The Power of Passion
March 26, 2007
(March 25, 2007) Actress and activist Brooke Shields knows a thing or two about the power of celebrity. After all, she has spent nearly her entire life in front of a camera and in the public eye. What she has gradually come to know, however, is the power of passion.
At the Opening Plenary Session on Sunday, Shields spoke candidly and from the heart, displaying none of the “diva” qualities one would expect from someone who has been acting and modeling since she was only 11 months old. As she explained, this is due to the choices she has made along the way.
When she was young, she was a “youth spokesperson for everything,” she explained to the crowd of nearly 4,000 fundraisers gathered in Dallas for the 44th AFP International Conference on Fundraising. However, back then she was too young to really understand and appreciate the strength that comes from really investing in a cause.
Growing up famous was not as easy as many would think, and she constantly had to prove herself to others—and find the means to believe in herself.
“I never let myself think about failure,” she said. Whether trying to fit in at a normal high school and later at Princeton University, to succeeding in a business where one’s career can turn from “hot” to “cold” over night, Shields found her voice and stretched herself for new challenges on Broadway and on television.
“I could not choose to give up,” she emphasized. “Don’t let doubt come in to the picture. I quietly cringe about some of the things I have said and done (‘Why didn’t someone explain to me what “Nothing comes between me and my Calvins?” really meant?’), but [these choices] have shaped what I am today.”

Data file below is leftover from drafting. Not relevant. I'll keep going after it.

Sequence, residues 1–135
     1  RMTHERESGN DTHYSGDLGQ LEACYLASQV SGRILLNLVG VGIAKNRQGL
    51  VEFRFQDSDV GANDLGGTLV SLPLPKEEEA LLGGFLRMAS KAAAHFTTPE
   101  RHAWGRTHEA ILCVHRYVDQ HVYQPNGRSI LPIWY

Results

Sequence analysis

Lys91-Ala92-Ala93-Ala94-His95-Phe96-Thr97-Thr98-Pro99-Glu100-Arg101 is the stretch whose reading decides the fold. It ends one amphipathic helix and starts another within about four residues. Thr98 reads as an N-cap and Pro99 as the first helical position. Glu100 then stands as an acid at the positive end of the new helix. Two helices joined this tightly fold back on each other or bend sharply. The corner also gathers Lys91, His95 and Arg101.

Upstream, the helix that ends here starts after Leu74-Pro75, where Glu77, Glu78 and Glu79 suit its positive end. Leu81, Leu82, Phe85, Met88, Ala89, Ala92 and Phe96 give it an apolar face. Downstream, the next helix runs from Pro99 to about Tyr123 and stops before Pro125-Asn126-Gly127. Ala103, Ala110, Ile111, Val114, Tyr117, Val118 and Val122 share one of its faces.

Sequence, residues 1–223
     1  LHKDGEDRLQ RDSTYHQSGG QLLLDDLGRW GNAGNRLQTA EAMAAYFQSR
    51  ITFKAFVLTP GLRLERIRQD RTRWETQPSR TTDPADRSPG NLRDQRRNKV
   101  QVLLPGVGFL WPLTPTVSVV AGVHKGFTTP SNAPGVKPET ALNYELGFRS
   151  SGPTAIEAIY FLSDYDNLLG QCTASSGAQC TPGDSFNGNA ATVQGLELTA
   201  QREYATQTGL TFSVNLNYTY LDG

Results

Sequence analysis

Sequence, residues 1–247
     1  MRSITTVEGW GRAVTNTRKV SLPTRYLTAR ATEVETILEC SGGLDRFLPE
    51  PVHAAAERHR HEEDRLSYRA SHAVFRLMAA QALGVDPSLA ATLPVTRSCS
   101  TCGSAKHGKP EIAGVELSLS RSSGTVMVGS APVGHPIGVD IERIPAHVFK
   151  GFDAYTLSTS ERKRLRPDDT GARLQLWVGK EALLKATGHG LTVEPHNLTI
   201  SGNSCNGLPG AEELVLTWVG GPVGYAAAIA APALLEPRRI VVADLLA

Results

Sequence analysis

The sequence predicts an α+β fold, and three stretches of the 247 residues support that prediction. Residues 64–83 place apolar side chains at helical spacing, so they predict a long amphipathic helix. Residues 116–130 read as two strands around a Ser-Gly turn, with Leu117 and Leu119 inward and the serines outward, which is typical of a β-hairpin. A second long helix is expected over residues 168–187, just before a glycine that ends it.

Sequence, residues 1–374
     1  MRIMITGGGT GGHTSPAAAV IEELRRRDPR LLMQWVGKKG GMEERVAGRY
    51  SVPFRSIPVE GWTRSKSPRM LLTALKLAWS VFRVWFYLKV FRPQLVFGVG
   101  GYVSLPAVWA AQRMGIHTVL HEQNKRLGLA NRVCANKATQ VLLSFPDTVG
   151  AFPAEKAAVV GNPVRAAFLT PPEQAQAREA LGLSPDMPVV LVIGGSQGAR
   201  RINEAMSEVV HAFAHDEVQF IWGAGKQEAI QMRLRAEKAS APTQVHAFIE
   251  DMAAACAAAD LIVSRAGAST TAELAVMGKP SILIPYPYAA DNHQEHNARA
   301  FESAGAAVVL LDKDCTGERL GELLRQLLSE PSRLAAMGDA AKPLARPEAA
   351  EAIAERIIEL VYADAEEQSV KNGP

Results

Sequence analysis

Those choices also have enabled her to give back in ways that others could not. “Being a celebrity does not make me an expert, but it does provide the opportunities to help. My commitment has grown as I have grown, with a belief that transcends money. … You don’t have to be extraordinary to make a difference. No effort is too small. … It’s being awakened to other people’s situations. We are not powerless. We are here because of our choices.”
Shields then answered questions in an informal Q&A session. When asked how she chooses which causes to support, she explained that this was a very difficult process. “You don’t want to spread yourself too thin,” she said. “You realize you can’t do it all.”
A long-time supporter of Toys for Tots and Ronald McDonald House, Shields is often approached to lend her support. “It is so much easier to say no,” she explained. “When you say yes, you are accountable.”
As for celebrity involvement, she said that if her position or her face at an event could create greater awareness, then it would be beneficial. However, the motive cannot be doing something for show or to receive recognition. “I want to hear, ‘If you show up at an event, we can build another school.’ I want to see where I fit in the whole chain and see what I do has a direct positive effect.”
For the audience she offered a final observation, “You all should be up here [on stage] and I should be alone in seats watching you. The work you do is tireless, and I learn from you continually. Don’t stop. It’s like raising children. If I tell my daughter something often enough, she gets it.”
Related AFP ResourcesMind the Gender Gap: Canadian Women’s Role in Philanthropy
It’s Not Too Late! Find Your Passion for the Every Member Campaign
A Different Kind of "Idol" and The "Why" of Philanthropy
National Philanthropy Day® to Feature Countdown to Impact Challenge
Ipsos Reid fact sheets on “What Canadian donors want” available for download